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131 - 140 of 460 results for: LAW

LAW 1048: Introduction to Commercial Law

Although definitions of commercial law vary, it generally concerns a business enterprise's contracts with its customers and suppliers (usually not with its investors or employees, and not relating to real property). This course surveys legal issues in contracts for the provision of goods, services and information; franchises and distributorships; commercial credit (including secured credit, sureties and guarantees, and letters of credit). Elements used in grading: Grades will be based on class participation, and either a final exam (section 01) or a final paper (section 02). After the term begins, students accepted into the course can transfer from section 01 into section 02, which meets the R requirement, with consent of the instructor.
Last offered: Spring 2019

LAW 1049: Corporate Governance

This seminar will focus on key topics in corporate governance. We will cover a range of legal and economic issues, including the following topics: the use of takeover defenses, hedge fund activism, gatekeeper liability, board diversity, director qualifications, executive compensation, proxy advisory services, and dual class ownership. Each of these issues will be introduced by readings and presentations, but the classes will rely on student discussion and critical evaluation of the papers and positions we examine. Students will have the opportunity to write reaction papers that critically analyze the required readings, and to analyze other corporate governance issues of their choice by working in groups. Elements used in grading: Evaluation will be based on reaction papers, class participation, and performance in the group project and presentation.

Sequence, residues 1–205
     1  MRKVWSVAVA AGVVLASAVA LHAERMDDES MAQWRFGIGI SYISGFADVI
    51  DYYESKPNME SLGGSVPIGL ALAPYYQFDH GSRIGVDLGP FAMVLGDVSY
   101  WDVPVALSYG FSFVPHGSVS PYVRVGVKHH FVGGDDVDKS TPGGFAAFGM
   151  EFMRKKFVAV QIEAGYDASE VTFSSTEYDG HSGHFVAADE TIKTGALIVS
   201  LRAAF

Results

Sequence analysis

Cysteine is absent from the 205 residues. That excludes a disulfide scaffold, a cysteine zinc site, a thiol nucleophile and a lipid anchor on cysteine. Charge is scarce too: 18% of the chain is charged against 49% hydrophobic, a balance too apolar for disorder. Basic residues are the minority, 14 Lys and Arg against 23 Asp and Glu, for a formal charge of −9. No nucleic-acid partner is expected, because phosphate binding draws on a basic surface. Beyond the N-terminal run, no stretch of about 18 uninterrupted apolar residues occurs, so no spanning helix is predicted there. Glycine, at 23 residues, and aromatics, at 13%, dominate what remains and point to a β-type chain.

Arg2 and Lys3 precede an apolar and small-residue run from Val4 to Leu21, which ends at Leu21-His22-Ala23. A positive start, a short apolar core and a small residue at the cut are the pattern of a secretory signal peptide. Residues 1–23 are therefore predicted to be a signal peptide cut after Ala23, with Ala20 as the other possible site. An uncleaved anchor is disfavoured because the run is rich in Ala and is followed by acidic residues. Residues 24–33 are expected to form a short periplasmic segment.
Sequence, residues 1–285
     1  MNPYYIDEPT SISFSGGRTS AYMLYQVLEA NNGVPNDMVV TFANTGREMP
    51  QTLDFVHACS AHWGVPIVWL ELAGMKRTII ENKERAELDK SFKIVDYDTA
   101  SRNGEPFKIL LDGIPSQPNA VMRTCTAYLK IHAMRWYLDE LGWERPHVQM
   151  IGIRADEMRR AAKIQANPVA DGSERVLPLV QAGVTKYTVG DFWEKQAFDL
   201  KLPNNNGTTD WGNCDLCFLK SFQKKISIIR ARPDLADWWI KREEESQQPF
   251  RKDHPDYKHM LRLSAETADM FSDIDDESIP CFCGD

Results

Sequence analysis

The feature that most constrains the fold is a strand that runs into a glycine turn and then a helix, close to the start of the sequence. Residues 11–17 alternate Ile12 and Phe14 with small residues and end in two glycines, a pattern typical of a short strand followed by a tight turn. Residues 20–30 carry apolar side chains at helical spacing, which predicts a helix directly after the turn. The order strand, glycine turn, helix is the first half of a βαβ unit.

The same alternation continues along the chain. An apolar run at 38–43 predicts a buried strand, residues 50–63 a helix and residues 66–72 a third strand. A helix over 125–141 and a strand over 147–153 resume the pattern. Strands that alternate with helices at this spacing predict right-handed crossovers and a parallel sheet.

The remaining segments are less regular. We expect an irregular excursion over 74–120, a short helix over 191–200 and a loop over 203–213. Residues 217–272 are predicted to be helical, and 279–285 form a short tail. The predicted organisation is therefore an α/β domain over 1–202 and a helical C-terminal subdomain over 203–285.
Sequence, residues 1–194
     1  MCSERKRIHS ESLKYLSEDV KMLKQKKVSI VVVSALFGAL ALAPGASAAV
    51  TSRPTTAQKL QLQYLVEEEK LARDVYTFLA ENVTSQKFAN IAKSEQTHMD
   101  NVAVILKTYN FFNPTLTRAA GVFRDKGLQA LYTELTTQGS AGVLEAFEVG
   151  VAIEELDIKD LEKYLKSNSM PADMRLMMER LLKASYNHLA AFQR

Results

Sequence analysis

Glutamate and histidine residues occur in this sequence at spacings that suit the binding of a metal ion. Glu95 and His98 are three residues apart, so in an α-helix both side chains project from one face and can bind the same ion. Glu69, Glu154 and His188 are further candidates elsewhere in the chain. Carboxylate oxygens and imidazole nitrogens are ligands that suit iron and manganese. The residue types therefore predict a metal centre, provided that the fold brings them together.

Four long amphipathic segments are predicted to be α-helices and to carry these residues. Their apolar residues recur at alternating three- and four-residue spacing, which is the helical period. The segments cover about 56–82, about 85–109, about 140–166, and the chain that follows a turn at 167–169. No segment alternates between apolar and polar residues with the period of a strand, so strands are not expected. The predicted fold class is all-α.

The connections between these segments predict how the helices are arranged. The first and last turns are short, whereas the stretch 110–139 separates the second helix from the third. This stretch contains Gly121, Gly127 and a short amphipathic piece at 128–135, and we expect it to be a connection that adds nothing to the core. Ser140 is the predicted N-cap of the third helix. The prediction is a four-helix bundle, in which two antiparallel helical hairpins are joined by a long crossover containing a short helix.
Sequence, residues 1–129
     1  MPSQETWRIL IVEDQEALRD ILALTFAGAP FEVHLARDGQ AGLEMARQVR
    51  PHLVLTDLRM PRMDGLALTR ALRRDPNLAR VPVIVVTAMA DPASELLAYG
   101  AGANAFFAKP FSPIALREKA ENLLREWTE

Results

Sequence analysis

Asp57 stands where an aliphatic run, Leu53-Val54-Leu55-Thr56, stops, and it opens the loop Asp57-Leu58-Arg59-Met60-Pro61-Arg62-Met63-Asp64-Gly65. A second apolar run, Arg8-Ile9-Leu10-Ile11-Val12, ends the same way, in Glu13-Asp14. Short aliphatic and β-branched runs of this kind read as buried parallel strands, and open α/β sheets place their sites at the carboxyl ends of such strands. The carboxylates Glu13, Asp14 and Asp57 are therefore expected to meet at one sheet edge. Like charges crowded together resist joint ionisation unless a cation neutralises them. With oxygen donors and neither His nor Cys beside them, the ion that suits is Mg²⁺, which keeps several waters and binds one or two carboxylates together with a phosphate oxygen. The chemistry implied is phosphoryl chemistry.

Terms: Win | Units: 2

LAW 1050: Law, Business, and Policy Strategy in the Startup Economy

This seminar explores the intersection of legal, business, and policy strategy in the startup economy. The class operates along two concurrent paths: First, under faculty supervision, students will act as if they were outside counsel to a Stanford-affiliated startup, learning the business and personal goals of the founder(s) and spotting the relevant legal and non-legal issues. Students will use formal analytical frameworks, including legal research, business strategy, policy strategy, and design thinking, to craft a comprehensive review of the startup's position within the applicable regulatory and business environment, and will present their strategy recommendations to the founder(s) and a panel of faculty and outside experts. Second, students will engage in a case-based exploration of complex legal, regulatory, and ethical issues that often occur in early stage companies. Through focused case studies, students will be required to spot issues, analyze potential outcomes, and make def more »